A bill in Arizona aims to reduce the number of juveniles who are charged as adults while also allowing youth offenders to remain in rehabilitative and other programs until they turn 19.
House Bill 2356, according to a fact sheet issued by the Children’s Action Alliance (CAA), “allows the juvenile court to retain jurisdiction over a juvenile who is at least 17 years old and who has been adjudicated delinquent until the person reaches 19 years old. This bill will prevent many older youths with less serious offenses from being prosecuted as adults in the criminal justice system.”
“Currently youth cannot be kept on probation or in the state’s Department of Juvenile Correction beyond the age of 18,” said Beth Rosenberg, director of child welfare and juvenile justice for CAA, in an email to The Chronicle of Social Change.
There is a rarely used provision that a youth could be kept on probation for treatment purposes beyond the age of 18, if all parties are in agreement. But, Rosenberg says, this has been used in just a handful of cases over the last 20 years.
Arizona Department of Juvenile Corrections’ (ADJC) annual report for 2016 shows that turning 18 was the reason for discharge of 77 percent of youth in the state. Transfer to adult jurisdiction was just over 8 percent, and 3 percent were discharged to Immigrations and Customs Enforcement.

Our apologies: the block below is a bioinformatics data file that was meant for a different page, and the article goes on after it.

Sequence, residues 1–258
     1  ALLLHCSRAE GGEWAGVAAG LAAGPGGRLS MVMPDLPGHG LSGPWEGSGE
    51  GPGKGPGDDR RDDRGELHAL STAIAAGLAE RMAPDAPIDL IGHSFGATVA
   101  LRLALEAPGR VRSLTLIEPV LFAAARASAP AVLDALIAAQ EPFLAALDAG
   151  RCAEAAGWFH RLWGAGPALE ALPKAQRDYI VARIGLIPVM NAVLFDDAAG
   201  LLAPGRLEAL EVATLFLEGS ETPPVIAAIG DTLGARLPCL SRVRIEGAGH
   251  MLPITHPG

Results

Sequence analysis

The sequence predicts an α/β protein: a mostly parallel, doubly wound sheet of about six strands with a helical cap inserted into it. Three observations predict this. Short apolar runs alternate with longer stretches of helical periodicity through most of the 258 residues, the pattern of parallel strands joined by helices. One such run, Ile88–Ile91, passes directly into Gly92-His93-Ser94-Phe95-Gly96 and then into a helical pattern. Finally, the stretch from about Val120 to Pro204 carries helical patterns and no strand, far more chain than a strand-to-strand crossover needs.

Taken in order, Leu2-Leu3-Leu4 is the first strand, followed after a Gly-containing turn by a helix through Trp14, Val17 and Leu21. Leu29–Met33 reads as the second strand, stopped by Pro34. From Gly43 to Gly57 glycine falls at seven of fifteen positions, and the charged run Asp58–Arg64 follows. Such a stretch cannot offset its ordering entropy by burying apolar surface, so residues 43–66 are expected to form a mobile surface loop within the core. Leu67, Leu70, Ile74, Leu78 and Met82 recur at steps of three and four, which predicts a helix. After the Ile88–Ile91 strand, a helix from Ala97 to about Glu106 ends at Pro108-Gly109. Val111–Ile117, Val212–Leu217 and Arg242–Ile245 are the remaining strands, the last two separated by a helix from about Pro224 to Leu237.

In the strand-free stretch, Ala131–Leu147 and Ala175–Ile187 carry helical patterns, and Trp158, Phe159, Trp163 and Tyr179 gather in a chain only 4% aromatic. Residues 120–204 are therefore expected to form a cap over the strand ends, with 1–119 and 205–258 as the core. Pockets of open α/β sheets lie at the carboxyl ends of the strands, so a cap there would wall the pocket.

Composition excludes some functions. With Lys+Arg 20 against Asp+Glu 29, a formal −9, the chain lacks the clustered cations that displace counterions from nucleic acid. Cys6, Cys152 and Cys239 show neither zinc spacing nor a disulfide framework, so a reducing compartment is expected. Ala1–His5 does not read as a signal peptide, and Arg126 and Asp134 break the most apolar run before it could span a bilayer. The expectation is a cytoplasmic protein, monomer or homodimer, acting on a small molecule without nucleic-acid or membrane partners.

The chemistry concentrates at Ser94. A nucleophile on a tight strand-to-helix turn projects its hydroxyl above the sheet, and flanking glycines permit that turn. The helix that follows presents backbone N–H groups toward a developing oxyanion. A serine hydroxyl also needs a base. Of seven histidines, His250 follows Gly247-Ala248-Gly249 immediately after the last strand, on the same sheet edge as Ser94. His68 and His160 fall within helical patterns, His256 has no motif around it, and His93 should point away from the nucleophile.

HB 2356 could also increase the likelihood that charges will be filed against 17-year-olds while they are minors – especially those who are 17 and 6 months or older, according to Rosenberg, rather than prosecutors “holding to file” charges until the youth turns 18.
Waiting until a youth turns 18 means the youth is tried in adult court, even though the act was committed before their 18th birthday. Maricopa County prosecutors believe there were 200 cases last year that they may have filed in the juvenile system if HB 2356 had been in place, Rosenberg said.
ADJC data show that, in 2016, 17-year-olds made up 41.5 percent of youth entering Arizona’s juvenile system. Those youth who were 17 and 6 months or older made up 13.8 percent.
The types of charges include felonies and misdemeanors that are under the jurisdiction of the superior court, Rosenberg said, and would exclude those felonies that require a youth aged 15 and older to be prosecuted as an adult.
Arizona’s juvenile arrests overall declined by 54 percent from 2004 to 2014. As of January 2018, 173 youth were under ADJC’s watch in secure care facilities; another 168 were under agency-monitored community supervision.